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NCJRS Abstract

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NCJ Number: 78209 Find in a Library
Title: Potential for Crime and Knowledge of Legal Sanctions
Journal: Deviant Behavior  Volume:2  Issue:3  Dated:(April-June 1981)  Pages:287-304
Author(s): K R Williams; M L Erickson
Date Published: 1981
Page Count: 18
Format: Article
Language: English
Country: United States of America
Annotation: The findings of this study refute the assumption that the knowledge of statutory penalties has a deterring effect, since the subjects shared a lack of knowledge of statutory maximum prison sentences for 19 crime types.
Abstract: The data were collected by interviewing adults of 2,400 residences in Tucson, Ariz., during 1974 and 1975. Each respondent was asked questions about only four criminal offenses. The possible relevance of knowledge of statutory penalties for deterrence was explored by determining whether the accuracy of individual perceptions of statutory maximum prison sentences for 19 types of crimes differed significantly by sex, age, race-ethnicity, and education. The findings showed substantially more evidence of similarity than difference in the accuracy of perceived maximum prison sentences. This shows that respondents shared a lack of knowledge about those sentences. Apparently the subjects relied on shared beliefs that serious crimes ought to be punished severely, and that the criminal code reflected that belief. Regression analysis showed that individual perceptions of statutory maximum prison sentences and individual preferences for those sentences were significantly related from one type of crime to the next, even though social-demographic variables were statistically controlled. To develop a theory of deterrence that would assert the conditions under which legal sanctions would deter from crime, independent effects of legal sanctions should be distinguished from extralegal sanctions. Prior research, statistical data, and about 25 references are included.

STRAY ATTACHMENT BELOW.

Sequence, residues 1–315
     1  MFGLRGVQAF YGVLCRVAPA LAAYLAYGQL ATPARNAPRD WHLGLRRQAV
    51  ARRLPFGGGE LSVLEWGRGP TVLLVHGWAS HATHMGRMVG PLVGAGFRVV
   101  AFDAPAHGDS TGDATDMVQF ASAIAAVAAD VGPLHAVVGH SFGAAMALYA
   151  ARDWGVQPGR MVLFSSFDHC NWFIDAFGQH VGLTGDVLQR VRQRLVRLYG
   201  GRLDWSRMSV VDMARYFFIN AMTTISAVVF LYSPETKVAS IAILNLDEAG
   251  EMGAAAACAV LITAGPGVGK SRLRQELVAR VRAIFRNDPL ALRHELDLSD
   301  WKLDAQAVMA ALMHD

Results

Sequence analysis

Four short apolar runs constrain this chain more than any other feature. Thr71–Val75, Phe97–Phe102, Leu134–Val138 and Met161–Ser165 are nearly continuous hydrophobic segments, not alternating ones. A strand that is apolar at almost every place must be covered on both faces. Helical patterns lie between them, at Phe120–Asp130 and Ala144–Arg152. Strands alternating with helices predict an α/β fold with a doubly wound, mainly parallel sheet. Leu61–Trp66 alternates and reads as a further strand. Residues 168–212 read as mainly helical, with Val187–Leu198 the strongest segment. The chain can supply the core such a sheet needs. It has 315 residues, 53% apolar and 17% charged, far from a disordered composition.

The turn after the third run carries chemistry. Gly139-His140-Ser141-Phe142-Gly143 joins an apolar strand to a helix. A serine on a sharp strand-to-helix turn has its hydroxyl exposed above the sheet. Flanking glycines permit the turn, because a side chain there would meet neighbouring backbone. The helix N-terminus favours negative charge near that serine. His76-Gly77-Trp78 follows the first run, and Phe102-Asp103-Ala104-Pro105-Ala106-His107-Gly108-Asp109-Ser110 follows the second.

Index Term(s): Deterrence; Deterrence effectiveness; Punishment; Surveys
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